Unity Technology's decision to announce a controversial new install fee policy went over with the video game development community about as well as you might imagine. And while the company has released the inevitable mea culpa, which does «acknowledge the confusion and frustration» the announcement caused, it's a far cry from the complete backtrack one might have expected.
All over X, the Unity account is attempting to get the word out, claiming that «more than 90% of our customers will not be affected by this change». Fees would only be levied on new installs and not re-installs, demos would not incur a charge (but Early Access titles would), and in the case of fraudulent install charges: «We will work directly with you where fraud or botnets are suspected of malicious intent.»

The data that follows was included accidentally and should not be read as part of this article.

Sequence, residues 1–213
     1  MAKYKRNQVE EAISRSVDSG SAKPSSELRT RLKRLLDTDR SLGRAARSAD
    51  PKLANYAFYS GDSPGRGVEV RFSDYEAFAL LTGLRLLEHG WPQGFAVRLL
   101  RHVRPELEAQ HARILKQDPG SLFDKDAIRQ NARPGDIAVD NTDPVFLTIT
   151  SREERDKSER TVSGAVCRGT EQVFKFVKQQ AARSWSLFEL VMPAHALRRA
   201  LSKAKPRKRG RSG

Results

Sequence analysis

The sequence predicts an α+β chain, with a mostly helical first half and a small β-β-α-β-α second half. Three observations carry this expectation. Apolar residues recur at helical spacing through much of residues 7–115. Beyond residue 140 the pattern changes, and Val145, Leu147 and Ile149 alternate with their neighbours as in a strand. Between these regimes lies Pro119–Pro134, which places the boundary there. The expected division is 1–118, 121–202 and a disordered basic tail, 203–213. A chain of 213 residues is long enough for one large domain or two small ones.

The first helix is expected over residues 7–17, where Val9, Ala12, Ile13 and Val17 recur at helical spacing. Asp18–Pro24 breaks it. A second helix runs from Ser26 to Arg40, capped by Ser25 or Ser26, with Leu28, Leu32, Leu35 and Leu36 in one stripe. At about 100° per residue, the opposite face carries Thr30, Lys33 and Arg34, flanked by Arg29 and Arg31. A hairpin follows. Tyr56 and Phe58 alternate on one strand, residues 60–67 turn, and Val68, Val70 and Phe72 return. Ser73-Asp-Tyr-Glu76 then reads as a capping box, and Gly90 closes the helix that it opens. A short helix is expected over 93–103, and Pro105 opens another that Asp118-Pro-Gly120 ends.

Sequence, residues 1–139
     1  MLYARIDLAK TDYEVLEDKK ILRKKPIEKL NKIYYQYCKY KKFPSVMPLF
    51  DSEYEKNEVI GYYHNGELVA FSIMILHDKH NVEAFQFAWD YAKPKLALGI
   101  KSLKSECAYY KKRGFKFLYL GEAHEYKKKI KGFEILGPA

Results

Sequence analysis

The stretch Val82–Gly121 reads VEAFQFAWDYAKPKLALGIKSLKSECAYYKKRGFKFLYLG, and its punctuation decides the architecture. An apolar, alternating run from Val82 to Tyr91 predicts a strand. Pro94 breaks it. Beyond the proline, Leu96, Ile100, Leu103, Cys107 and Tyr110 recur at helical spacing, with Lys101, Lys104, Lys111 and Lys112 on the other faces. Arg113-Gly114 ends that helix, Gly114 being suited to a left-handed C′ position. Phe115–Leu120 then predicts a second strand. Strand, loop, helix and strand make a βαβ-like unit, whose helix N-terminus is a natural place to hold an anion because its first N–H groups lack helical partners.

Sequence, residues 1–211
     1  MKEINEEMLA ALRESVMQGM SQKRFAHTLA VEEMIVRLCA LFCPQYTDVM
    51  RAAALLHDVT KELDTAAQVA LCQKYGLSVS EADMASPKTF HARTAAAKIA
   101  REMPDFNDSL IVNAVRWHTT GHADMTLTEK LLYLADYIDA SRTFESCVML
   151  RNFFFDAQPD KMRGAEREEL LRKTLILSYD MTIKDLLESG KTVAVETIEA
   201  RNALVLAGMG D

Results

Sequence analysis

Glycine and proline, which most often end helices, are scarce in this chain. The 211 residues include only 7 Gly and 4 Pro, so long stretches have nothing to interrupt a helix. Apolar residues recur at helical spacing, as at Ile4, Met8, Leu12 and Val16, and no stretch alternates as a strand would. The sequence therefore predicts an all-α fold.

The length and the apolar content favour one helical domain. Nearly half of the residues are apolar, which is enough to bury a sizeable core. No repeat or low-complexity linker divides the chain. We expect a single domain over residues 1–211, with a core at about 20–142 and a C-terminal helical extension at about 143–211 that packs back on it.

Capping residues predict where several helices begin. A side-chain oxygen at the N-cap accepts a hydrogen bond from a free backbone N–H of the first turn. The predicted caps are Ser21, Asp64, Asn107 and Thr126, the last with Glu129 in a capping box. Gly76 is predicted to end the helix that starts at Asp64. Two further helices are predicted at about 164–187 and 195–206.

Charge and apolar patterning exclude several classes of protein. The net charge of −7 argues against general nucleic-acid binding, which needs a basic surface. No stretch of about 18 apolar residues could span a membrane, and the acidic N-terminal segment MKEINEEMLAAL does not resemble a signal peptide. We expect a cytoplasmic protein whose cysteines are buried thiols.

Needless to say, developers across the industry are seething, and many are already looking to cut ties with the company entirely. Of course, if you've spent the last few years developing a game in Unity, this is much easier said than done. Over on ResetEra, a thread compiles the growing movement of developers who are making their voices known and explaining the catastrophic effects this seemingly flippant decision is having on their projects.
Some feel like they are being forced away from the platform, while others hope to persuade management to see reason. All are united in opposing Unity in this, a state of affairs with a pleasing sense of symmetry. Pundits and players are left to grapple with what this will mean for long-in-development and eagerly-anticipated games.
Pay to play
How are you feeling about Unity's list of clarifications? At this point, do you think even a complete about-face would salvage the situation? Let usRead more on pushsquare.com